Old fashioned Jello recipes includes a Jello Dessert, Cranberry Jello Salad and a molded Raspberry Jello recipe.
These delicious, easy dishes will bring sparkle and elegance to
holiday dinner special occasions or everyday meals.
Jello is a healthy food, easy digestible, low in salt, fat free and energy boosting.
It is made with gelatin and other ingredients.
Gelatin is made from collagen that is in meat bones.
It is a protein, though not a complete protein, because it lacks some necessary amino acids.
This gelatin is what
causes your homemade chicken soups to have a jelly like consistency when
they are cold.
By the way, this protein it is the only food from an animal source that is not a complete protein.
addition of vegetables and fruits, rich in vitamins, minerals and
antioxidants, gives you an abundance of essential nutrition and health
Jello dishes range from the basic recipes found on the
package or box to desserts, to molded dishes, whipped cream mousses,
salads, cakes like Punchbowl Cake Recipe, and pies.
An old dessert recipe made with unsweetened gelatin, brewed coffee, sherry covered with milk or cream and topped with Chocolate Sauce and Homemade Whipped Cream.
Full of cranberries, pineapple, and nuts.
It's perfect for your traditional, old fashioned Christmas dinner of roasted turkey or baked ham.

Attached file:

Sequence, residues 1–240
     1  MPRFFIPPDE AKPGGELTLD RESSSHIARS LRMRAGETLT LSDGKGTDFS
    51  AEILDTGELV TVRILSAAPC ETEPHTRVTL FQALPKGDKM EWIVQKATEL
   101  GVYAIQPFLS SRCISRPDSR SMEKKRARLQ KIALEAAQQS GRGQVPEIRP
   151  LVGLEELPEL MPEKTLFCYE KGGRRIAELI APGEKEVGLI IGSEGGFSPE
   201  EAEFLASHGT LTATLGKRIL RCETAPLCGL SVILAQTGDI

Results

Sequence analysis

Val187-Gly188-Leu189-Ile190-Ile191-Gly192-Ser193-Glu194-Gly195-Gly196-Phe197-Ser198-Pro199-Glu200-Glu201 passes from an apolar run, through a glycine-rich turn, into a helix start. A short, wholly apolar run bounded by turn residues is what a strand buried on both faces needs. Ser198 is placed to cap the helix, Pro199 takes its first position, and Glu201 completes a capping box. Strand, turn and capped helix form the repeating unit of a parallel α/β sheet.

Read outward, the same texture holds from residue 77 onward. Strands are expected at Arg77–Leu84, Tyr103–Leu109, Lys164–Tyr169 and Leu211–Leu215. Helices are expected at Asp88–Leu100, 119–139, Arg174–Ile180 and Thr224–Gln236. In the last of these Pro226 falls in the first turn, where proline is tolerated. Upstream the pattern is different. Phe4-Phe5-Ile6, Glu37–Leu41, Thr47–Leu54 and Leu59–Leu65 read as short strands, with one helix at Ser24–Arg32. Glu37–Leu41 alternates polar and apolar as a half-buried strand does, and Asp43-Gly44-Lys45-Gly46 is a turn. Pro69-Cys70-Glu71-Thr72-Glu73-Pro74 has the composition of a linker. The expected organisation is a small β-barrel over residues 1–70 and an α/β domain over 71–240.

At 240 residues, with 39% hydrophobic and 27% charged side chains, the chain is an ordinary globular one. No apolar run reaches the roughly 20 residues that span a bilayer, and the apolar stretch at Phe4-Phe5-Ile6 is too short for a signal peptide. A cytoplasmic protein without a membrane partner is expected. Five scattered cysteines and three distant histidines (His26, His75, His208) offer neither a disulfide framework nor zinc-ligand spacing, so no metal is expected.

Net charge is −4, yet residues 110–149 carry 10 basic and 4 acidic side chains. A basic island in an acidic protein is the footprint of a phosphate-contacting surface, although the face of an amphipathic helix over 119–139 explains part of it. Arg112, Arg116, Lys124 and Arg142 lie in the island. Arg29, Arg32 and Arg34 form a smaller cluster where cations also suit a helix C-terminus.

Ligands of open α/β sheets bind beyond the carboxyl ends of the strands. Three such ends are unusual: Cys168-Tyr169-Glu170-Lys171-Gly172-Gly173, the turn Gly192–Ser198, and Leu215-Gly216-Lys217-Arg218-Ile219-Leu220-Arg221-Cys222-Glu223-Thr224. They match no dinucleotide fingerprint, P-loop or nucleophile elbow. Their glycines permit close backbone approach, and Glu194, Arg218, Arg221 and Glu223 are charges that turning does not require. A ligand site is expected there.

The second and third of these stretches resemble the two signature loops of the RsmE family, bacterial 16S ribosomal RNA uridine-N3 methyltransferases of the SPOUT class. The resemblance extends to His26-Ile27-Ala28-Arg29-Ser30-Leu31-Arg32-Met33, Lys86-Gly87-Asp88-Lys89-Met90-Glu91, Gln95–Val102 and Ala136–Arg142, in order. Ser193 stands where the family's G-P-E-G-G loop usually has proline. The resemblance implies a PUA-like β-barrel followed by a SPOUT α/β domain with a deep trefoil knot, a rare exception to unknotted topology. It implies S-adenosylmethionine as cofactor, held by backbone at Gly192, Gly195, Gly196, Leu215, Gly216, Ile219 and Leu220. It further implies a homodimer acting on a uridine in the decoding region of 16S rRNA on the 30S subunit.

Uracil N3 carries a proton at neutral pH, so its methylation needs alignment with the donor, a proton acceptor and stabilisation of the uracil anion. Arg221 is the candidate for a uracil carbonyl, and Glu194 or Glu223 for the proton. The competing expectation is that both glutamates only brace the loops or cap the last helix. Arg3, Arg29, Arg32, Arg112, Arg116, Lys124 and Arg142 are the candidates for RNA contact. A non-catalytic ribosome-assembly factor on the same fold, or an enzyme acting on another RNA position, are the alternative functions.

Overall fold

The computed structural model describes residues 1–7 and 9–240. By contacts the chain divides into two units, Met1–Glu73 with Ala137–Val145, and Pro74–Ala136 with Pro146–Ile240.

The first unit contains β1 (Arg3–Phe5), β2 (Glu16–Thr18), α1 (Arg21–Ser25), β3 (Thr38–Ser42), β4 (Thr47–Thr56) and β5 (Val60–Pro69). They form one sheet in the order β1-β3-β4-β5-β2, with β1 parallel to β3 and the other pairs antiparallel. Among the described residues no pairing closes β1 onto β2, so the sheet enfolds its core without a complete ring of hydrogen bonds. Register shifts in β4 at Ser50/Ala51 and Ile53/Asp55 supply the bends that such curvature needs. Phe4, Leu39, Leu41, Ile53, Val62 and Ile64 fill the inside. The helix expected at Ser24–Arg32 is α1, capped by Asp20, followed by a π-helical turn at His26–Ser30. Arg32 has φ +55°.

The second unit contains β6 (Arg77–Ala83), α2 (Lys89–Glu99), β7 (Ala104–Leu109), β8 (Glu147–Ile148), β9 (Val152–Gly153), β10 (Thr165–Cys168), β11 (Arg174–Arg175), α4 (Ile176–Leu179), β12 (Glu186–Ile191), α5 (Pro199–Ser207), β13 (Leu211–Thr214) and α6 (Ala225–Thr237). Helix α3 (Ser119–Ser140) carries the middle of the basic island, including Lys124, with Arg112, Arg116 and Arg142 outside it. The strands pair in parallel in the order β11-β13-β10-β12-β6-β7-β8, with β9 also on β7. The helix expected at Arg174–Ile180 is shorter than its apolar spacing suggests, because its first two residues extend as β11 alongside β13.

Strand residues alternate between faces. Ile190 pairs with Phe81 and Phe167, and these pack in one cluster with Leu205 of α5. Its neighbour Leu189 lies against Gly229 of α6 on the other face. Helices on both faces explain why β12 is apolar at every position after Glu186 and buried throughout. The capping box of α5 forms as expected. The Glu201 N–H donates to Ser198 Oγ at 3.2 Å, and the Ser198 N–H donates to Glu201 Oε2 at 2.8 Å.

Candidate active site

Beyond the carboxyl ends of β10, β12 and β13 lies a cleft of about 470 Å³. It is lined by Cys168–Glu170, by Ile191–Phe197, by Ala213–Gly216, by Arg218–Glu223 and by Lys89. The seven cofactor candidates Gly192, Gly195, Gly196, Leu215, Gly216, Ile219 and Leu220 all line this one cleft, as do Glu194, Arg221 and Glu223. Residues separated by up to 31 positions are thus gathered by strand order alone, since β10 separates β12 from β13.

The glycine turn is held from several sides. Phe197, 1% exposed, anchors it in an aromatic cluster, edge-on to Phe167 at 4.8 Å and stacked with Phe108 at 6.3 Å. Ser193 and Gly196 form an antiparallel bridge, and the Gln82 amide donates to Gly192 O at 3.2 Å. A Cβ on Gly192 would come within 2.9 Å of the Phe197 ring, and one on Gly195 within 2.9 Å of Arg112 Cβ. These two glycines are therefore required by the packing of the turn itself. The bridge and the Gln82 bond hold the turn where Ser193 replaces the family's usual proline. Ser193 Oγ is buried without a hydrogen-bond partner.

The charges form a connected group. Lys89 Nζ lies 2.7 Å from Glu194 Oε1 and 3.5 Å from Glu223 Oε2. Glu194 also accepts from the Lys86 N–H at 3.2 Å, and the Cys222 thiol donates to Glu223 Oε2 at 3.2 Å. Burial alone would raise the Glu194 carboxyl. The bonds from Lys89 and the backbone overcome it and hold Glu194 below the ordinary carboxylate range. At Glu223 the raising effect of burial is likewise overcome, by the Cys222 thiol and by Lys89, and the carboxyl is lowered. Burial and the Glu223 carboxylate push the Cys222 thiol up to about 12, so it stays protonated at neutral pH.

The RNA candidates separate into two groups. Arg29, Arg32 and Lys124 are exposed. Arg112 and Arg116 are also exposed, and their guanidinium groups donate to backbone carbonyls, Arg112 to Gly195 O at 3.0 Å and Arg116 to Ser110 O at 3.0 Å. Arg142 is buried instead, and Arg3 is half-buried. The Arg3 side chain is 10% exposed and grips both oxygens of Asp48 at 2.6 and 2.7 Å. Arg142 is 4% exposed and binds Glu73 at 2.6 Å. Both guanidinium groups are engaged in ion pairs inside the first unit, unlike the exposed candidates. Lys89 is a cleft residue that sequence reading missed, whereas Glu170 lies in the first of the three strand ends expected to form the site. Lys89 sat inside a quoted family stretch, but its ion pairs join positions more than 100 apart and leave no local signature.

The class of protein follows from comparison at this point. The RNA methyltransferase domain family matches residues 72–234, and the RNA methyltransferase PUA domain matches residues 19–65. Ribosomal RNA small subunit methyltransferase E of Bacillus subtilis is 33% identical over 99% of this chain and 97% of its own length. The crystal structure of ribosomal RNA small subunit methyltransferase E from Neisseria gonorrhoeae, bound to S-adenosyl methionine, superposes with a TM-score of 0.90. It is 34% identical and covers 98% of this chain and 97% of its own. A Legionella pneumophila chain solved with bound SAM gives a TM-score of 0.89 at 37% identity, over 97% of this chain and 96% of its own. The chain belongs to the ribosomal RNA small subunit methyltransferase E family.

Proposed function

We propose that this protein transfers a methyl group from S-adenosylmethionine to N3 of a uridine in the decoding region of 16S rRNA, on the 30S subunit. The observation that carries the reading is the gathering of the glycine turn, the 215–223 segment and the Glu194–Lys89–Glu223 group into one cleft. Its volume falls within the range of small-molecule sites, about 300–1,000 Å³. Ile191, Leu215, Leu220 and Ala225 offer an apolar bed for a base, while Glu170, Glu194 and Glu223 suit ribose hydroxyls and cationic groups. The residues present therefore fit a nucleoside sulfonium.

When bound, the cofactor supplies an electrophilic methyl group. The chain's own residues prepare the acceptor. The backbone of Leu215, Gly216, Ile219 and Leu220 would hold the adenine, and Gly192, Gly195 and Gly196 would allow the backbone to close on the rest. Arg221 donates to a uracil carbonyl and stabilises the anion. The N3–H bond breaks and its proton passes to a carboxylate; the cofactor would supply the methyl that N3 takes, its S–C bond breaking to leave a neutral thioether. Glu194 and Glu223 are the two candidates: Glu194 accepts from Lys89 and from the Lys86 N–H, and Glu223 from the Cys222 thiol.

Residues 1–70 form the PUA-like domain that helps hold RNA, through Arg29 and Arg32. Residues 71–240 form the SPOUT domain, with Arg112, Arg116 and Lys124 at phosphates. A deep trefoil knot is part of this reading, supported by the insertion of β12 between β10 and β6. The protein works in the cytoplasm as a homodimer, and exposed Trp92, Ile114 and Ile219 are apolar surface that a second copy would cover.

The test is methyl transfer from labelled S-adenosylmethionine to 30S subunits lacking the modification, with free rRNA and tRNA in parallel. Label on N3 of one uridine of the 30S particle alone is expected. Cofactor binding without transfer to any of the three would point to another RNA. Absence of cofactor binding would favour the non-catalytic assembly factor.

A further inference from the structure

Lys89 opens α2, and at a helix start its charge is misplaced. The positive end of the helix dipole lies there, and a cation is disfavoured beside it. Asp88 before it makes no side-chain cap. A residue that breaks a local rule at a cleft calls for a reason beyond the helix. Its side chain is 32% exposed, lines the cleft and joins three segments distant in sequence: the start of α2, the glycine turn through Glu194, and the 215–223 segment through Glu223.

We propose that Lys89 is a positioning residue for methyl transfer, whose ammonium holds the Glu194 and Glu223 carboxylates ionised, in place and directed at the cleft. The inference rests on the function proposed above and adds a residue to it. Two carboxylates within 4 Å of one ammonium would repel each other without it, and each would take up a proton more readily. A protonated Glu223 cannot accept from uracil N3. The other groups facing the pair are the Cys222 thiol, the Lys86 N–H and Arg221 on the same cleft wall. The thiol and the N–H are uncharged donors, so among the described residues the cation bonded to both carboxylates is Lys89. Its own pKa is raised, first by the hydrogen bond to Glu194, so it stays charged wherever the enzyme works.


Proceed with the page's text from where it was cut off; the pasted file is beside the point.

Made with fresh or canned pears, lemon pie, lime Jello, and Maraschino cherries for a refreshing, delightful flavor combination.
Delicious, beautiful molded Orange Jello Salad recipe with complimentary fruits atop with explicit instructions.
Beautiful and delicious molded raspberry and applesauce ring can substitute for your cranberry sauce.
Jello dishes can be served as a salad or a dessert.
For a salad, serve it on a bed of lettuce in on a salad plate, topped with mayonnaise dressing.
For a dessert serve the same dish topped with whipped cream and perhaps,
NOTE: Some fruits like fresh pineapple, contain an enzyme that breaks down the protein gelatin and prevents it from "jelling".
Canned pineapple can be used because cooking deactivates the enzyme. See jello label for a list of other fruits that will not set (gel).
Congealed Jello should not be left out of the refrigerator very long because it will loose it's shape if molded.
If it is in a warm environment too long, it will melt.
When needing to keep it cool for extended times for serving or transporting, use special gel packs or ice packs.
Peter Cooper, a New York industrialist, patented a method of making gelatin from bones in 1845.
In 1897 Pearle Wait, a syrup manufacturer in Le Roy, a town in Upstate New York was experimenting with the gelatin and created a fruit-flavored dessert.
His wife, Mary David Wait, called the new creation Jello.
Mr. Wait did not have the money to distribute his new creation, so he sold his rights to Frank Woodward who already owned a food business for $450.00, a hefty sum in those days.
Woodward obviously was not doing too well at that time because he offered to sell his superintendent his Jello business for only $35.00.
But, before the final sale, Woodward began intensive advertising efforts which worked.
He gave samples of his Jello out and printed several different cook books loaded with recipes using his Jello product.
His hard work, devotion and creative distribution methods paid off, bigly.
By 1906, his company's sales had reached $1 million.